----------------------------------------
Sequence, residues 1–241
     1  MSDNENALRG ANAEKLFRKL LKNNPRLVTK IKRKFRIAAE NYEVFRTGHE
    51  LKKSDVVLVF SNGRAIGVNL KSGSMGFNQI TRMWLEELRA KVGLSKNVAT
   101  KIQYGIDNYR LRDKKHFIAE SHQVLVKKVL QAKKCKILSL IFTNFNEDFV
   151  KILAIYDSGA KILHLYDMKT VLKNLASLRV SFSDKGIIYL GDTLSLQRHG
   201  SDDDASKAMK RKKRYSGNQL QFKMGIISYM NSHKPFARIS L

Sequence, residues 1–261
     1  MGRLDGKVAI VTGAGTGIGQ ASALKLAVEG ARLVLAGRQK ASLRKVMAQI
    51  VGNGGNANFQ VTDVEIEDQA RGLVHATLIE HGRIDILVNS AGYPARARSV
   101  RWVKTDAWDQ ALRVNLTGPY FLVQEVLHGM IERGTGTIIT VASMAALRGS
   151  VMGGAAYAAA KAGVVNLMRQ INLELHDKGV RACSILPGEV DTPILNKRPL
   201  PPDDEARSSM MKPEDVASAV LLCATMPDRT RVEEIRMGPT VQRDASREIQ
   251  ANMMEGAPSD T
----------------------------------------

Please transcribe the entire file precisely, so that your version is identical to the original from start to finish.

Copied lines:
Sequence, residues 1–241
     1  MSDNENALRG ANAEKLFRKL LKNNPRLVTK IKRKFRIAAE NYEVFRTGHE
    51  LKKSDVVLVF SNGRAIGVNL KSGSMGFNQI TRMWLEELRA KVGLSKNVAT
   101  KIQYGIDNYR LRDKKHFIAE SHQVLVKKVL QAKKCKILSL IFTNFNEDFV
   151  KILAIYDSGA KILHLYDMKT VLKNLASLRV SFSDKGIIYL GDTLSLQRHG
   201  SDDDASKAMK RKKRYSGNQL QFKMGIISYM NSHKPFARIS L

Sequence, residues 1–261
     1  MGRLDGKVAI VTGAGTGIGQ ASALKLAVEG ARLVLAGRQK ASLRKVMAQI
    51  VGNGGNANFQ VTDVEIEDQA RGLVHATLIE HGRIDILVNS AGYPARARSV
   101  RWVKTDAWDQ ALRVNLTGPY FLVQEVLHGM IERGTGTIIT VASMAALRGS
   151  VMGGAAYAAA KAGVVNLMRQ INLELHDKGV RACSILPGEV DTPILNKRPL
   201  PPDDEARSSM MKPEDVASAV LLCATMPDRT RVEEIRMGPT VQRDASREIQ
   251  ANMMEGAPSD T